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Democrats see political motives in Solyndra subpoenas of federal workers

Ten Energy Department workers were subpoenaed for their private e-mails late last week as part of a congressional probe of a controversial Obama administration clean energy loan program, and five were served at their offices by a federal marshal.

The move came a month after a House oversight committee released e-mails showing that staffers and contractors frequently discussed federal loans to private energy companies in private e-mails. In one exchange, the head of the loan program warned a staffer how to avoid having private e-mail discussions subpoenaed.

The panel’s ranking Democrat, however, has accused Republicans of trying to intimidate federal workers.

The Obama administration’s clean energy program, including the failure of its showcase firm, Solyndra, has spilled over into the presidential race. GOP challenger Mitt Romney has said that the program is rife with “crony capitalism” and invests taxpayer dollars in companies that helped Obama’s political allies but not middle-class workers.

The White House has said that all loans were awarded based on the merits of the project, not the company’s political connections.

The House Committee on Oversight and Government Reform, led by Chairman Darrell Issa (R-Calif.), on Thursday issued subpoenas for 10 people at the Energy Department’s loan program.

But Rep. Elijah E. Cummings of Maryland, the panel’s ranking Democrat, said, “There was absolutely no reason for this type of intimidation since the department would have accepted the subpoenas by e-mail, as it has done routinely in the past, including with our committee.

“The subpoenas issued last week were particularly unnecessary and unwarranted given that the committee has identified no evidence of improper political favoritism in the department’s loan guarantee program,” Cummings said.

A marshal served five Energy Department employees at their workplace, committee staffers said, because the workers had not responded to a request that they accept the subpoenas electronically. The remaining workers, four contractors and one former employee, had agreed to do so in writing.

Committee spokesman Frederick Hill said it is ironic that Democrats are upset about the subpoenas when they expressed outrage during the Bush administration over the use of private e-mails for official public business. Former chief of staff Karl Rove was accused of trying to keep some of his official correspondence out of public reach by frequently using a private e-mail account, and the Bush White House acknowledged that it had failed to preserve thousands of internal e-mails.

“It’s clear there were widespread and intentional violations of these federal transparency laws in the process of granting controversial loan guarantees,” Hill said. “It’s really shameless that the Cummings letter doesn’t even acknowledge that these clear violations of law occurred.”

Cummings said that the Republican subpoenas appeared to be political posturing during a heated presidential campaign.

“I am deeply concerned that some may view these latest actions by the Committee as abusive, or as an effort to escalate tensions and generate press before the November election, rather than a legitimate attempt to conduct responsible oversight,” the Democrat wrote in a letter to Issa.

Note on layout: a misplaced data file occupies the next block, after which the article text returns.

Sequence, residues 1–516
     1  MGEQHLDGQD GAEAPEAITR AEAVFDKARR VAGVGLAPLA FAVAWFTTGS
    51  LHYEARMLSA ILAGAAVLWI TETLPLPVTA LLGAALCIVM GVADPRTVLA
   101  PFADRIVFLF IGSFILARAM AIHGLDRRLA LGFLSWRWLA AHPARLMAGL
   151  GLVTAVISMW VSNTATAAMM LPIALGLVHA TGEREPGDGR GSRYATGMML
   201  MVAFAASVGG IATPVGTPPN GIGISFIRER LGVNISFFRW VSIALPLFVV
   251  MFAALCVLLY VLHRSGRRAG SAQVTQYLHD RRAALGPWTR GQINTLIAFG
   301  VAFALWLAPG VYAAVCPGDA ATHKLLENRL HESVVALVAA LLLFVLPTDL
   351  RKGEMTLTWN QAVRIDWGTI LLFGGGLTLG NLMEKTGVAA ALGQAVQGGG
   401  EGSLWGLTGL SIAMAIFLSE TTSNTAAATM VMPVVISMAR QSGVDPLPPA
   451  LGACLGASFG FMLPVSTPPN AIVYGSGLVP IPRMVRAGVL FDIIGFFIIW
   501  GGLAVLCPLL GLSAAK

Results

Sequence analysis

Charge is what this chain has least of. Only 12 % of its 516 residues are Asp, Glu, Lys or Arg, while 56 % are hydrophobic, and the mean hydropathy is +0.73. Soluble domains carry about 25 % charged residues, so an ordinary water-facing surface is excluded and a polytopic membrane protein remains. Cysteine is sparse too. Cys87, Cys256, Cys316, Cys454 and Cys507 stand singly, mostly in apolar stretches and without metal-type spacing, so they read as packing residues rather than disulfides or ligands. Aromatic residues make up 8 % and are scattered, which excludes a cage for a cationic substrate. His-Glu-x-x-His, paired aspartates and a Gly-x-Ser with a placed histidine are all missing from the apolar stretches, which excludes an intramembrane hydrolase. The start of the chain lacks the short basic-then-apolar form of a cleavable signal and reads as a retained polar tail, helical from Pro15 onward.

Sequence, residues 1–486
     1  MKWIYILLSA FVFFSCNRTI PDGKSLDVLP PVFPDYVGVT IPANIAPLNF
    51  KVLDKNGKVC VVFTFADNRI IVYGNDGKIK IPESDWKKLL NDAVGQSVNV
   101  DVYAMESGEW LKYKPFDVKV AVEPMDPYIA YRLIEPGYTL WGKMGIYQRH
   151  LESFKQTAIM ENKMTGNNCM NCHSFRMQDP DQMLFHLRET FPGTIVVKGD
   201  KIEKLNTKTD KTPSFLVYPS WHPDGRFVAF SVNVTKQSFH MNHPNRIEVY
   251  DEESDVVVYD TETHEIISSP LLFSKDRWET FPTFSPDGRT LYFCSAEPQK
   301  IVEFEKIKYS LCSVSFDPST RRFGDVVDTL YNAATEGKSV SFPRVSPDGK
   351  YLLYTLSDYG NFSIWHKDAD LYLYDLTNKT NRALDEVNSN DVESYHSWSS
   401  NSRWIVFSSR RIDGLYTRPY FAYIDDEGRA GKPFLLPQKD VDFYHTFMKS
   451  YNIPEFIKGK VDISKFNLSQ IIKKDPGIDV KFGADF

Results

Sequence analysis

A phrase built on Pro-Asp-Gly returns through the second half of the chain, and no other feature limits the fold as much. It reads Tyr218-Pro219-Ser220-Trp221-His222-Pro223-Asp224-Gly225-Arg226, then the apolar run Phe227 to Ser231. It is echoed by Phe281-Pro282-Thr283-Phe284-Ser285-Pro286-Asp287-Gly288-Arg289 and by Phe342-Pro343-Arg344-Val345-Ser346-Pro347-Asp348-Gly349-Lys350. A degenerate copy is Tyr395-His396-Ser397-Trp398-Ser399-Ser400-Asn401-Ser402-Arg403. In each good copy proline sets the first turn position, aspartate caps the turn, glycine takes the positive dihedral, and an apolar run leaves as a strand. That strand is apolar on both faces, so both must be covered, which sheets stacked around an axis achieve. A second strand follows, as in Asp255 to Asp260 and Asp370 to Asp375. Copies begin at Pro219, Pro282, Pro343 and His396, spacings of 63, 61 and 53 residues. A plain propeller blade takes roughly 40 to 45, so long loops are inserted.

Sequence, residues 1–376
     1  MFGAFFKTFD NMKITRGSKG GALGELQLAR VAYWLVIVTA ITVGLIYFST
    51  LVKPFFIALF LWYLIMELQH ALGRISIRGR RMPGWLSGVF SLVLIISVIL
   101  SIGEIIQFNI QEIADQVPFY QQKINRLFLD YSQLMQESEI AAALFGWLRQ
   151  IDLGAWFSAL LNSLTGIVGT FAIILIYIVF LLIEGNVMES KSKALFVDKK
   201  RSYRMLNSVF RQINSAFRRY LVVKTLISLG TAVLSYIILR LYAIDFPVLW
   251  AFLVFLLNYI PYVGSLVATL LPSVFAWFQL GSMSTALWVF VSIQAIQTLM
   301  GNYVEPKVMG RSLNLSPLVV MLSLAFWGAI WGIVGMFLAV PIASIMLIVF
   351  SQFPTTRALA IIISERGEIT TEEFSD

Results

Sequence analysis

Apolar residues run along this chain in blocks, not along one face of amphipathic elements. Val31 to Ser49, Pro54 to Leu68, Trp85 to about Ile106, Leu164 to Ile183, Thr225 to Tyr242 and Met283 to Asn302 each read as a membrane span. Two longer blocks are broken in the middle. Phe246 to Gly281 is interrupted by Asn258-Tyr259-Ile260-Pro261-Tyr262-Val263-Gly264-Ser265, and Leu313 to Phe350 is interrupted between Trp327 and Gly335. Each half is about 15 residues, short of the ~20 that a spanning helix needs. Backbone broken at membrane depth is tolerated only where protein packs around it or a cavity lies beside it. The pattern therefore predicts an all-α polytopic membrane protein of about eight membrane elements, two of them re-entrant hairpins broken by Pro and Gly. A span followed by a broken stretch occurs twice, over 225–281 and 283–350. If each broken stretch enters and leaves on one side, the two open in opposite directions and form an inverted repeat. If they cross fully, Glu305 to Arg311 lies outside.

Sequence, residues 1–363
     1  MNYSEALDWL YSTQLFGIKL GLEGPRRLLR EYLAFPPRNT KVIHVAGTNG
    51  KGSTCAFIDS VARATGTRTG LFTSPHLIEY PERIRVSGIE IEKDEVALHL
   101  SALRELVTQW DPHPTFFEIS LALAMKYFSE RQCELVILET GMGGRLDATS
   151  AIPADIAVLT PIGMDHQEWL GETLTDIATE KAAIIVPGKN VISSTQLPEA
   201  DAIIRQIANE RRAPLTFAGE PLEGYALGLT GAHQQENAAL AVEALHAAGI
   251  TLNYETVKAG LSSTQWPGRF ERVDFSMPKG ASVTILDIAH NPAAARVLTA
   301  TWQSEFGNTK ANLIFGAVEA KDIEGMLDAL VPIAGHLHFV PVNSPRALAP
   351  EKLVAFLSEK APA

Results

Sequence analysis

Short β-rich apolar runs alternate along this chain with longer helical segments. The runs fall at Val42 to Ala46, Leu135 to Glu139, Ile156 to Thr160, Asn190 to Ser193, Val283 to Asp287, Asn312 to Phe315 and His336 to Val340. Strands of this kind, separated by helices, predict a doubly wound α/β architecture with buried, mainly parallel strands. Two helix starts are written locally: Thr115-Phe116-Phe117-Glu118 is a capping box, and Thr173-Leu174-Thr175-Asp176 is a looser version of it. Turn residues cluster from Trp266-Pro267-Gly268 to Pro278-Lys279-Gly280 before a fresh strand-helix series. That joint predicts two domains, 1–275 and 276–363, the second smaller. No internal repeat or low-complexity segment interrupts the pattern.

The White House refused earlier this year to turn over all Solyndra documents, arguing that it had already provided thousands of records. The solar panel manufacturer received a $535 million federal loan guarantee, and records show that federal staffers complained that the White House was pressuring them to make a decision and that they warned that the company’s future prospects looked weak. Solyndra’s largest investor was the family foundation of George Kaiser, a major Obama fundraising bundler.

A spokesman said that the Energy Department had provided staffers’ private-account e-mails to the committee on Aug. 31, and was baffled by the subpoenas.

“In addition to voluntarily providing more than 1 million pages of documents to Congress, the department has fully complied with the chairman’s requests and provided all of the documents the committee requested from these department officials prior to the committee’s baffling decision to issue subpoenas,” said spokesman Damien LaVera.

“No matter how hard some in Congress are working to distort the record, the facts clearly demonstrate that decisions on loan applications were made on the merits after careful review by career officials and technical experts in the loan program,” he said.

But Republican leaders said the documents turned over on Aug. 31 were only partial and excluded key correspondence between private and public accounts.

In an earlier agreement with the committee, Jonathan Silver, former head of the loan program, agreed to turn over many of his private e-mails discussing DOE loans. The documents show frequent use of private e-mail accounts to discuss companies that the department might fund and the political implications of certain applications. Silver also reached out to top White House officials about some loan decisions.

In one instance, Silver wrote to a staff member on his private e-mail account about a loan connected to Solyndra and asked for another colleague’s private e-mail address. In another document, Silver chastised a staffer about writing about a loan on a government e-mail account and copying another staffer’s private e-mail.

“Don’t ever send an email on doe email with a personal email addresses,” Silver wrote Aug. 21, 2011, from his personal account to a loan program official’s private Gmail account. “That makes them subpoenable,” he wrote.

Carol Leonnig covers federal agencies with a focus on government accountability.


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